3. The Prosecution opposes the Defence motion on the ground that the indictment against Zdravko Mucic fully complies with the requirements of the Statute of the International Tribunal ("Statute") and its Rules. The Prosecution is of the view that the indictment provides the accused with sufficient notice of the nature of the crimes with which he is charged and the facts supporting those charges and that any further details necessary to prepare his defence can be found in the supporting materials.

4. Rules 72 and 73 form the basis of the Defence motion. Rule 72 authorises the filing of preliminary motions by either party and Rule 73 sets out a non-exhaustive list of the motions that may be made by an accused. The latter provides that the accused may, inter alia, make "objections based on defects in the form of the indictment." Rule 73(A)(ii). Zdravko Mucic’s request for particulars appears to lie somewhere between an objection, under Rule 73(A)(ii), that the indictment is too vague, and a request for further discovery.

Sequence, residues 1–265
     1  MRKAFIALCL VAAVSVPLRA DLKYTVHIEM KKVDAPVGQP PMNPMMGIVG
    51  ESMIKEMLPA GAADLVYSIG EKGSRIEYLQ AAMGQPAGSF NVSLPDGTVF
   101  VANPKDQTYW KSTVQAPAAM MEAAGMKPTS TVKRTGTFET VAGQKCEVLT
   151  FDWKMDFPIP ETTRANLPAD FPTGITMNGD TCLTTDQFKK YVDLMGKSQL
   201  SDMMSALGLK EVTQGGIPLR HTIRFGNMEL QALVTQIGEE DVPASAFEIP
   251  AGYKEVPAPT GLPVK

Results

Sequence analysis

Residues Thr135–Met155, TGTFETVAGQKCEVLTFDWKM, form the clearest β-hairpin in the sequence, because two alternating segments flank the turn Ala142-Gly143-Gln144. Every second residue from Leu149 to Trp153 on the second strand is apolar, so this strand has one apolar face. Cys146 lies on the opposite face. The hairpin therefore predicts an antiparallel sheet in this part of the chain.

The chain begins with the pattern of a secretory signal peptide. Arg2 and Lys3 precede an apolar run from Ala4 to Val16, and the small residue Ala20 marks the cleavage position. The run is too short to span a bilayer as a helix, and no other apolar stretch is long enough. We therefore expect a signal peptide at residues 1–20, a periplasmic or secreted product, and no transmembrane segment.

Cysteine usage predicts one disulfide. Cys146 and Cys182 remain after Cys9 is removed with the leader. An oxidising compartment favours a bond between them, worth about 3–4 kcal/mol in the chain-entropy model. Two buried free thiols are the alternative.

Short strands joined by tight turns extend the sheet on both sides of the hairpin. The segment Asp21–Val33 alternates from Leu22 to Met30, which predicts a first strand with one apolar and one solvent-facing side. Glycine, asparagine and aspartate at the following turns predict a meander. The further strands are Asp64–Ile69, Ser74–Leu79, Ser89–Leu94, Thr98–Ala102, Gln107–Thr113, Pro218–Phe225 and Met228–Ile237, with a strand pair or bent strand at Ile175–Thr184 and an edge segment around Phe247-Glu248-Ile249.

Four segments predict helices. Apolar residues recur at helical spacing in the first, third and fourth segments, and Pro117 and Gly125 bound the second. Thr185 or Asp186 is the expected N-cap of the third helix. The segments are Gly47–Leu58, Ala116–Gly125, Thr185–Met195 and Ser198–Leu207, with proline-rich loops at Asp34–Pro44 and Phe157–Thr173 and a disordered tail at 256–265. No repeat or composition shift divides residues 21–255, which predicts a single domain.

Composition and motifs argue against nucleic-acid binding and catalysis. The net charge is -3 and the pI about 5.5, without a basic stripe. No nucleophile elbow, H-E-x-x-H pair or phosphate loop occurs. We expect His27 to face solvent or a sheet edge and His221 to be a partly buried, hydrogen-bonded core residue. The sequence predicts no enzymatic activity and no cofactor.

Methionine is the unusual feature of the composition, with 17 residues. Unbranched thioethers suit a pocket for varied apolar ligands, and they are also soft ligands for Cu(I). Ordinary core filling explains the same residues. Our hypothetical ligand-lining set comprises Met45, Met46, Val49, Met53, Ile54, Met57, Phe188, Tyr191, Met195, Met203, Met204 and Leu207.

A. Vagueness

5. The International Tribunal has had occasion to consider claims relating to the vagueness of an indictment in other cases. See Prosecutor v. Tadic, Case No. IT-94-1-T, Decision on the Defence Motion on the Form of the Indictment (T. Ch. II, 14 November 1995) ("Tadic Indictment Decision"); Prosecutor v. \jukic, Case No. IT-96-20-T, Decision on Preliminary Motions of the Accused (T. Ch. I, 26 April 1996). These cases have looked to the relevant provisions of the International Tribunal’s Statute and Rules for guidance on the issue. Article 18 of the Statute requires the Prosecutor, once he determines that a prima facie case against an accused exists, to prepare "an indictment containing a concise statement of the facts and the crime of crimes with which the accused is charged under the Statute." Article 21, which sets out the rights of the accused, provides that the accused is entitled "to be informed promptly and in detail in a language which he understands of the nature and cause of the charge against him". In addition, Rule 47(B), following the language of Article 18, instructs that the indictment "shall set forth the name and particulars of the suspect, and a concise statement of the facts of the case and of the crime with which the suspect is charged."